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Fol­low­ing on from the ar­ti­cle Pool So­ci­ety re­veals plan pub­lished on Septem­ber 6, we would like to clar­ify a spe­cific point for the com­mu­nity re­gard­ing ‘‘do­na­tions would be among other sources of in­come’’.

We are talk­ing about do­na­tions of time to help off­set staffing costs. If the pool is open for 95 hours per week, our es­ti­mates for life­guard and re­cep­tion­ist cov­er­age amounts to over $390,000. Find­ing ways to off­set such costs, with­out com­pro­mis­ing safety, has to be con­sid­ered. The so­ci­ety an­tic­i­pates do­na­tions of time, for ex­am­ple, by stu­dents as­sist­ing as life­guards in re­turn for free use of the pool. Of course, all life­guards would be sub­ject to nor­mal em­ploy­ment qual­i­fi­ca­tions and pro­ce­dures.

To read our pro­posal in full, see www.wai­heke­pool.co.nz.

Janet Vin­cent, trea­surer Wai­heke Com­mu­nity Pool Inc. pools, some want. ‘‘An in­door pool would be ideal, but can Wai­heke af­ford $1 mil­lion a year to run it?’’ - Wai­heke Mar­ket­place.

It’s in­ter­est­ing how some peo­ple’s en­ergy and fi­nan­cial con­cerns go out the win­dow when they see a pos­si­bil­ity of gain­ing some­thing they want for them­selves and the bur­den is not on them. Cur­rent es­ti­mated set-up cost $5.5 mil­lion.

Much has been made of a new pool, 25 me­tres long. Well, the present school pool is 25 me­tres long. I went and mea­sured it about four years ago. That day the pool was sparkling and sev­eral groups were us­ing it. I asked them how they found it. ‘‘Fan­tas­tic,’’ was the re­ply.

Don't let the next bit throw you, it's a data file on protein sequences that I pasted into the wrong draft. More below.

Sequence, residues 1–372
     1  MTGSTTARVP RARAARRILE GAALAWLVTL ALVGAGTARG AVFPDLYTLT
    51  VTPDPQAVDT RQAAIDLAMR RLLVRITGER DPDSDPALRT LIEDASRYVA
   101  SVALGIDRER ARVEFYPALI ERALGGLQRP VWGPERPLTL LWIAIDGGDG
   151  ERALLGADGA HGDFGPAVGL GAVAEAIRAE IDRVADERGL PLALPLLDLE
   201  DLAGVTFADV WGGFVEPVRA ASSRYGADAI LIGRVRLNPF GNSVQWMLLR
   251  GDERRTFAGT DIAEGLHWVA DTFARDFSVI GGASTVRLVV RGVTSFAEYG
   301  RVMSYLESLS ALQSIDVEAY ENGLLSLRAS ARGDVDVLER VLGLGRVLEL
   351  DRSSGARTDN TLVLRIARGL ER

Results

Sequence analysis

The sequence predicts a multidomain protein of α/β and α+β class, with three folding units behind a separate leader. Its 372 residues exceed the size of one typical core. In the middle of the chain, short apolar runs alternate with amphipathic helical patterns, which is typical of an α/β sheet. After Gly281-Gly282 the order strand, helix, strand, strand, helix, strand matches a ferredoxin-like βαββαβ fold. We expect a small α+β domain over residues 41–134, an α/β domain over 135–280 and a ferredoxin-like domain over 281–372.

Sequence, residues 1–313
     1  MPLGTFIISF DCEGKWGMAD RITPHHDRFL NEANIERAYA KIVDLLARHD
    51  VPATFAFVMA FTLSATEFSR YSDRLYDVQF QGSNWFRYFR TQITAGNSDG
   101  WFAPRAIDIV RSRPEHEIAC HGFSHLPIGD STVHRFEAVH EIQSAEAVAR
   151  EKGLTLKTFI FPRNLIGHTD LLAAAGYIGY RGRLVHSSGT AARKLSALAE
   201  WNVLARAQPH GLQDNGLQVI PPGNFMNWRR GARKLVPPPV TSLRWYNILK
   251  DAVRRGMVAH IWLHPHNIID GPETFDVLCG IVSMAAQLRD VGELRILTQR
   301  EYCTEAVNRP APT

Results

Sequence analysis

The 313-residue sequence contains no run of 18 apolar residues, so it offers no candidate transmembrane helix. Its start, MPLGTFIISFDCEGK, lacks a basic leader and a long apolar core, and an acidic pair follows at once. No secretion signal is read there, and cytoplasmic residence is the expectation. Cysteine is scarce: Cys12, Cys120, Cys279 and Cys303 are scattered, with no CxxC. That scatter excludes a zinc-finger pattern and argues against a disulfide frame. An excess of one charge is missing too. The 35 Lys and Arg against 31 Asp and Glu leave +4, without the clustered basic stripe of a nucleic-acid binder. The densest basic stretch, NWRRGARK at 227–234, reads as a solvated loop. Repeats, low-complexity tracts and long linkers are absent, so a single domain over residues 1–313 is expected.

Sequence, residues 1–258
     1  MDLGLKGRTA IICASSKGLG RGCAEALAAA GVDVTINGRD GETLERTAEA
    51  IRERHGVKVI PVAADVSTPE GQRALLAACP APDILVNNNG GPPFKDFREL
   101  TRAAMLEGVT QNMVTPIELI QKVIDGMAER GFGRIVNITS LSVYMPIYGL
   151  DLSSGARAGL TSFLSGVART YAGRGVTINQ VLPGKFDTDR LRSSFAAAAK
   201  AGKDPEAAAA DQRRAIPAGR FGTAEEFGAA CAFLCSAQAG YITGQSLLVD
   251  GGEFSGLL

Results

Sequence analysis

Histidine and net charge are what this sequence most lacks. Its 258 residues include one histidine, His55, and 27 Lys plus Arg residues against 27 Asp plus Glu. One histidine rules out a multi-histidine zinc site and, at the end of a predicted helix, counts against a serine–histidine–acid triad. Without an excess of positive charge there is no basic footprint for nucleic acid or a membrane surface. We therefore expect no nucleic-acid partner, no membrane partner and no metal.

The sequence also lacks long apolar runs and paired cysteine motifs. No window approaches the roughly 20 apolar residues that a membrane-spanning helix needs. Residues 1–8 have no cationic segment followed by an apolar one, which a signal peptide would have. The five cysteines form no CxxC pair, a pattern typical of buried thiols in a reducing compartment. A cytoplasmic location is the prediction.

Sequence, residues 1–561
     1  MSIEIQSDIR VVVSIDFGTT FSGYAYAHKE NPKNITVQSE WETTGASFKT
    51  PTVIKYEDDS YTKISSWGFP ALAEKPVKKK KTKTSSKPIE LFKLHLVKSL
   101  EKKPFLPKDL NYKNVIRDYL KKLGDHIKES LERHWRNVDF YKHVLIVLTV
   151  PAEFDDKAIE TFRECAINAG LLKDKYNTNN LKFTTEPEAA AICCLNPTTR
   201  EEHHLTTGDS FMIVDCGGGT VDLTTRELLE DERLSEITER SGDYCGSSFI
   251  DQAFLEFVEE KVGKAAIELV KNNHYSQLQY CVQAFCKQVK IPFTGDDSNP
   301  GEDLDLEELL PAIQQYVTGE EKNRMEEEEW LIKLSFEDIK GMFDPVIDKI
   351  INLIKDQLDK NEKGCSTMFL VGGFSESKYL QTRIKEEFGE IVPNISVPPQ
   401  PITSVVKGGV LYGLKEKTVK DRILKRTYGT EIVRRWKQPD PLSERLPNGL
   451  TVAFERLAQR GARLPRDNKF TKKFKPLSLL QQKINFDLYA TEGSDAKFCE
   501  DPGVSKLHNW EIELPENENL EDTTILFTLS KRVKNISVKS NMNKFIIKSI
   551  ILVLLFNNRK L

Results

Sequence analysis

Bet­ter to sort out a pool with the ed­u­ca­tion re­build, even if it is sim­ply an up­grad­ing of the ex­ist­ing pool. If a com­mer­cial op­er­a­tor wants to build a pool, then sup­port them with your money.

When it comes to black and white prac­ti­cal­i­ties, Wai­heke Pool So­ci­ety’s fix­ated pro­posal is a white ele­phant: some­thing that would be a bur­den caus­ing more trou­ble than it’s worth. Ap­pre­ci­ate, main­tain and use what you’ve got. And, of course, that in­cludes the ocean.

Ross Gille­spie, Bay of Rocks. place last week over two days. De­spite en­ter­ing the process in good faith, SKP and other s274 par­ties op­pos­ing the ma­rina ap­pli­ca­tion were un­able to come to a set­tle­ment with the de­vel­oper that re­solved the con­sid­er­able is­sues sur­round­ing the cur­rent pro­posal.

This means the ap­peal against an Auck­land Coun­cil con­sent for Kennedy Point Boathar­bour Lim­ited to build the 7.3 hectare, ap­prox 200 berth ma­rina with float­ing pon­toons for cars and build­ings out over the wa­ter will be de­cided be­fore the En­vi­ron­ment Court.

It is a de­vel­op­ment that of­fers very lit­tle to the Wai­heke com­mu­nity. In­stead it threat­ens the ecol­ogy, land­scape, amenity and char­ac­ter of not just Kennedy Point but the whole of Pu­tiki Bay and Wai­heke as a whole.

SKP is now fo­cussing on en­gag­ing fur­ther ex­perts to sup­port their case.

Do­na­tions can be made to Ki­wibank SKP Inc Soc 38-9018-0812104-000.

David Baigent, chair­per­son, SKP.

‘‘Time to stick to the dogs on leads rule at the marae end of Black­pool Beach.’’ Wai­heke Mar­ket­place ‘‘Five god­wits flew in to Black­pool at mid­night on Fri­day night.’’ Ping Lee Wragge

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